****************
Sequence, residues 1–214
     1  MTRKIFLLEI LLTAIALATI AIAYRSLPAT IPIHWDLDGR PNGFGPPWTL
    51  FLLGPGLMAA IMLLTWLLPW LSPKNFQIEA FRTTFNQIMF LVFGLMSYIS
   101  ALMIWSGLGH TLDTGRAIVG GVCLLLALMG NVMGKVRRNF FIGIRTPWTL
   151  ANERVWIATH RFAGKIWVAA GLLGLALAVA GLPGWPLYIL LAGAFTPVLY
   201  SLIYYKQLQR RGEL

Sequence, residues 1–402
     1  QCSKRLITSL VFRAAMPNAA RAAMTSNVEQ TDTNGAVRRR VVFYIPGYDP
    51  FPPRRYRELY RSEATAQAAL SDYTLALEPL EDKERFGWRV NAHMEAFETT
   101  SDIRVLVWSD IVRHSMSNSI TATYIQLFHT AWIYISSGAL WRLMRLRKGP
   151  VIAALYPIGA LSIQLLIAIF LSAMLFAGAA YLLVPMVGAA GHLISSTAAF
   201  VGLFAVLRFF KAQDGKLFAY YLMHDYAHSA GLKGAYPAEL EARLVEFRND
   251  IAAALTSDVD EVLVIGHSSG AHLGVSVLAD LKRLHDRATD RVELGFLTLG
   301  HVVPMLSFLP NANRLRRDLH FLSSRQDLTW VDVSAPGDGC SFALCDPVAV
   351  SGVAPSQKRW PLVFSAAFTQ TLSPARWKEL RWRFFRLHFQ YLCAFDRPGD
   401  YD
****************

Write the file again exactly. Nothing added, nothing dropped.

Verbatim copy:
Sequence, residues 1–214
     1  MTRKIFLLEI LLTAIALATI AIAYRSLPAT IPIHWDLDGR PNGFGPPWTL
    51  FLLGPGLMAA IMLLTWLLPW LSPKNFQIEA FRTTFNQIMF LVFGLMSYIS
   101  ALMIWSGLGH TLDTGRAIVG GVCLLLALMG NVMGKVRRNF FIGIRTPWTL
   151  ANERVWIATH RFAGKIWVAA GLLGLALAVA GLPGWPLYIL LAGAFTPVLY
   201  SLIYYKQLQR RGEL

Sequence, residues 1–402
     1  QCSKRLITSL VFRAAMPNAA RAAMTSNVEQ TDTNGAVRRR VVFYIPGYDP
    51  FPPRRYRELY RSEATAQAAL SDYTLALEPL EDKERFGWRV NAHMEAFETT
   101  SDIRVLVWSD IVRHSMSNSI TATYIQLFHT AWIYISSGAL WRLMRLRKGP
   151  VIAALYPIGA LSIQLLIAIF LSAMLFAGAA YLLVPMVGAA GHLISSTAAF
   201  VGLFAVLRFF KAQDGKLFAY YLMHDYAHSA GLKGAYPAEL EARLVEFRND
   251  IAAALTSDVD EVLVIGHSSG AHLGVSVLAD LKRLHDRATD RVELGFLTLG
   301  HVVPMLSFLP NANRLRRDLH FLSSRQDLTW VDVSAPGDGC SFALCDPVAV
   351  SGVAPSQKRW PLVFSAAFTQ TLSPARWKEL RWRFFRLHFQ YLCAFDRPGD
   401  YD